Edwin Chadwick’s Report

Note: When Dalrymple’s long-running BMJ column ended in 2012, he had a backlog of around 50 or 60 unpublished pieces, and he kindly gave them to us to post here at Skeptical Doctor. We are posting one each Wednesday to coincide with the schedule of his old BMJ column. We hope you enjoy them.

Could it be, I wonder, that Mr Micawber derived his great dictum about happiness and misery from having read Edwin Chadwick’s Report to Her Majesty’s Principal Secretary of State for the Home Department from the Poor Law Commissioners, on an Inquiry into the Sanitary Condition of the Labouring Population of Great Britain of 1842, only five years before the publication of David Copperfield?

Dickens, after all, read such literature, and on pages 139 and 140 would have seen a tabulated comparison of those who lived providently and improvidently:

William Haynes, of Oakamoore (wire drawer), wages £1 per week; he has a wife and five children; he is in debt, and his family is shamefully neglected.

John Hammonds, of Woodhead (collier), wages 18s. per week; has six children to support; he is a steady man and saving money.

This great book is, to me at any rate, inexhaustibly fascinating. Chadwick was a barrister, not a doctor, and though most of his information came from doctors (unpaid for their work, incidentally) he had no exaggerated respect for their wisdom or understanding. Pages 148, for example, are headed Irrelevancy of Controversy on the Generation of Fever, as against Practical Means of Prevention. Contagion or infection, it was all the same to him; he was the Deng Xiao Ping of public health, to whom it mattered not whether the cat was black or white, so long as it caught mice. A note of impatience and exasperation creeps in:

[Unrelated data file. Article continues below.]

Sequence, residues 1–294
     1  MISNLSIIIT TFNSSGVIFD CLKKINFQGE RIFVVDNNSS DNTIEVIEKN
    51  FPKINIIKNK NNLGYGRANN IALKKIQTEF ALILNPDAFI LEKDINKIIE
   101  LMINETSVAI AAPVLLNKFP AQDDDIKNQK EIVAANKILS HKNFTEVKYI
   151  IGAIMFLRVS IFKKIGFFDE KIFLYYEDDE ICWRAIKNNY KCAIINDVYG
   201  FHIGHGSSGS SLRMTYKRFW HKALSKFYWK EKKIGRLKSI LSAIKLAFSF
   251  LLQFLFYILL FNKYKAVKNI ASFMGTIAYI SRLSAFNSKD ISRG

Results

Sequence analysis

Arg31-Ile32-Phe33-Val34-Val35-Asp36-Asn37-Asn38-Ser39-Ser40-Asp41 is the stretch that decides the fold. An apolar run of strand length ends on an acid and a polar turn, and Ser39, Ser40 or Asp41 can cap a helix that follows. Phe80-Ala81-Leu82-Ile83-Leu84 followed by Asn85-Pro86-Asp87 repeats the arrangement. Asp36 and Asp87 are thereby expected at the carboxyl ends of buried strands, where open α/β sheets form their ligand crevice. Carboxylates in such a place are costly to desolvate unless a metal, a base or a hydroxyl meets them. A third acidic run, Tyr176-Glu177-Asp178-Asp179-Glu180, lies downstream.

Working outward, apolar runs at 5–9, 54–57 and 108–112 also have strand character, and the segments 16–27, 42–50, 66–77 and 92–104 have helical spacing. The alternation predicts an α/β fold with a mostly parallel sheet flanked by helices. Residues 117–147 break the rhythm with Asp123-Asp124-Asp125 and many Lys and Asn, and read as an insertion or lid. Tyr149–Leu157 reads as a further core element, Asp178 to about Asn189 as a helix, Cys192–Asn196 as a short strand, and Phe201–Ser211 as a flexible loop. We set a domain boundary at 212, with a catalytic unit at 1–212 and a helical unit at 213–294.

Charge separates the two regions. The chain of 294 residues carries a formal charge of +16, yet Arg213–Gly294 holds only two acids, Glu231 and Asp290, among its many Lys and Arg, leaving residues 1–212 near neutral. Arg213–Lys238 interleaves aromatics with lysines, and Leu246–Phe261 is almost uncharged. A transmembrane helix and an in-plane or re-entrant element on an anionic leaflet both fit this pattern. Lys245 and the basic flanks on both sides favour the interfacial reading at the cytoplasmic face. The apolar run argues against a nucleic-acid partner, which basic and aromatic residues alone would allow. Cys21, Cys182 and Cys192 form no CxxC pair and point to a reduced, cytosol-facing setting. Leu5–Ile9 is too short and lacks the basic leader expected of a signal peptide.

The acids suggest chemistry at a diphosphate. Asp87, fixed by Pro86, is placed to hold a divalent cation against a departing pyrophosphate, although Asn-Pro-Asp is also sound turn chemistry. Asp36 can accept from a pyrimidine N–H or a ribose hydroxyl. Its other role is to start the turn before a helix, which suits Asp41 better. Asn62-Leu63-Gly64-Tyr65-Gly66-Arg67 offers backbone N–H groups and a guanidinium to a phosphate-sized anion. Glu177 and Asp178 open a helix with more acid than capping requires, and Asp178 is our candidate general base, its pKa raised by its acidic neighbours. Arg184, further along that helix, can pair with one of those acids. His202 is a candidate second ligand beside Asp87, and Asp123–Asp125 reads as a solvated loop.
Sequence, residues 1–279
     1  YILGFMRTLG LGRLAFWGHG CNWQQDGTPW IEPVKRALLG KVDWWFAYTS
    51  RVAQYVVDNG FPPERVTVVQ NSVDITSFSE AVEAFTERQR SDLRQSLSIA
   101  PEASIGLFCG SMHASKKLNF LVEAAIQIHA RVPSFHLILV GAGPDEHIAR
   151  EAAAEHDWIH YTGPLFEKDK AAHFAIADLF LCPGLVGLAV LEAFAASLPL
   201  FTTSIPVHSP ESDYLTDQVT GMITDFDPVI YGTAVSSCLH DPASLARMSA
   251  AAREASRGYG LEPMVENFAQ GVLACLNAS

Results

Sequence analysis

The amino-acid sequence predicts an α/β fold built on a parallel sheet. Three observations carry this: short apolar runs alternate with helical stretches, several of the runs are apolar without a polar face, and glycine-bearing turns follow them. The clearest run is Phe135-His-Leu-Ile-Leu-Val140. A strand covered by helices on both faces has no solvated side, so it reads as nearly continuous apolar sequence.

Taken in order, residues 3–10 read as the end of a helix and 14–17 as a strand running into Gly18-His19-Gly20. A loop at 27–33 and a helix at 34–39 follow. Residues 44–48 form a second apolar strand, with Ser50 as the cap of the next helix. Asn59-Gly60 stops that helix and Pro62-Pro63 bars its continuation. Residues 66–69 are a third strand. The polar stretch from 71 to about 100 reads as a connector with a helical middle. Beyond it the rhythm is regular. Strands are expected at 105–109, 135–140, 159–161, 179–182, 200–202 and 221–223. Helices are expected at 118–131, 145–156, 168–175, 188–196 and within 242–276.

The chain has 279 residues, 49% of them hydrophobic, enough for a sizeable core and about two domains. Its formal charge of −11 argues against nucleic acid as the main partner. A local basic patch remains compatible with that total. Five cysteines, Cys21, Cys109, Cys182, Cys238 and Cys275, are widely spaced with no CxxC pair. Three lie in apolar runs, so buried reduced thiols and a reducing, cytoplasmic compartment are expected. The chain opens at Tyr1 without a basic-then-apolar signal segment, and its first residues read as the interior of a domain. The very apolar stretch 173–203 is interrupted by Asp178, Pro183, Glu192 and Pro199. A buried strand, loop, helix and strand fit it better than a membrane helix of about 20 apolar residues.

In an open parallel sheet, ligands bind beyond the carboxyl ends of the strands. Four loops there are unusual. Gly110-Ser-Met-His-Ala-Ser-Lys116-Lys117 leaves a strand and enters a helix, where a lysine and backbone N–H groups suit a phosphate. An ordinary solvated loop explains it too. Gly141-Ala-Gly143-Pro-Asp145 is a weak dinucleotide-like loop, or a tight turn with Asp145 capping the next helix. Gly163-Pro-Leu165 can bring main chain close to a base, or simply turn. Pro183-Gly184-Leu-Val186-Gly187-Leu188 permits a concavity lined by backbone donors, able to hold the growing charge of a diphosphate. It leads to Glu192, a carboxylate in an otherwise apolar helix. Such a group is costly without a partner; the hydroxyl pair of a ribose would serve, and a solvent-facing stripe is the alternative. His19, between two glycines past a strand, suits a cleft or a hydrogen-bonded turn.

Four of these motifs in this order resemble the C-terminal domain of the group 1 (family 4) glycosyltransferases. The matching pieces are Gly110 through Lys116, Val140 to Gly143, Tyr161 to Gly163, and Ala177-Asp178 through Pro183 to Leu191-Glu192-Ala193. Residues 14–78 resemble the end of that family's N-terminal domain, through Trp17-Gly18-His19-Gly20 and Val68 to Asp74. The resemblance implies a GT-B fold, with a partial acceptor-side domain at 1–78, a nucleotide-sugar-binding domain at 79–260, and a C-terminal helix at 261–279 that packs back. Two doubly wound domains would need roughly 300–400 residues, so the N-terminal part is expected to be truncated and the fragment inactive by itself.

The medical controversy as to the causes of fever; as to whether it is caused by filth and vitiated atmosphere, or whether the state of the atmosphere is a predisposing cause to the reception of the fever, or the means of propagating that disease, which has really some superior, independent, or specific cause, does not appear to be one that for practical purposes needs to be considered, except that its effect is prejudicial in diverting attention from the practical means of prevention.

And he quotes from an episode from a French report about the small town of Prades (through which, as it happens, I have often passed) in the Ariège, which suffered a disastrous epidemic:

The physicians of Ariège, in order to prove that the disease was not contagious, and to re-assure the inhabitants, lay in the beds from which the invalids had been removed.

Arguing for sanitary reform, Chadwick points out the advances made in the navy. In 1779 one in eight employed on ships died in a year; from 1830 to 1836, it was one in 72. This improvement he attributed to sanitary measures, even though he quotes the case of the expedition of HMS Centurion in which, a hundred years earlier, 200 of 400 men were lost to scurvy. It is interesting to note that although in the latter years lemon juice was by Chadwick’s time in general use, it was still uncertain in 1842 as to whether it, or better conditions in general, was responsible for the prevention of scurvy.

The book contains sanitary maps of Leeds and Bethnal Green of great beauty: were it not vandalism to do so, I would tear them out and frame them. And Chadwick provides illustrations of workmen’s housing, infinitely better, aesthetically-speaking, than almost anything built for the last hundred years. If there is one thing that has not improved, it is architecture.

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  1. Pingback: The aesthetics of labourers’ dwellings | A dose of Theodore Dalrymple

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